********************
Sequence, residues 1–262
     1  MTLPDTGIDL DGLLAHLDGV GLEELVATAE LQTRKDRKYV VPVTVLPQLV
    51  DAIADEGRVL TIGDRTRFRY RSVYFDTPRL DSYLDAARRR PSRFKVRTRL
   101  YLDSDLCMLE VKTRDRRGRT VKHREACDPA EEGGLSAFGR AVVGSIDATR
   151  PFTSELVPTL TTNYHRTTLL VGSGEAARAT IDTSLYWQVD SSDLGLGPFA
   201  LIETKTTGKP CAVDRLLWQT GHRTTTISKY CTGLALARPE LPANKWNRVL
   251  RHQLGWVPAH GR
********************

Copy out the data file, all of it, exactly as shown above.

Sequence, residues 1–262
     1  MTLPDTGIDL DGLLAHLDGV GLEELVATAE LQTRKDRKYV VPVTVLPQLV
    51  DAIADEGRVL TIGDRTRFRY RSVYFDTPRL DSYLDAARRR PSRFKVRTRL
   101  YLDSDLCMLE VKTRDRRGRT VKHREACDPA EEGGLSAFGR AVVGSIDATR
   151  PFTSELVPTL TTNYHRTTLL VGSGEAARAT IDTSLYWQVD SSDLGLGPFA
   201  LIETKTTGKP CAVDRLLWQT GHRTTTISKY CTGLALARPE LPANKWNRVL
   251  RHQLGWVPAH GR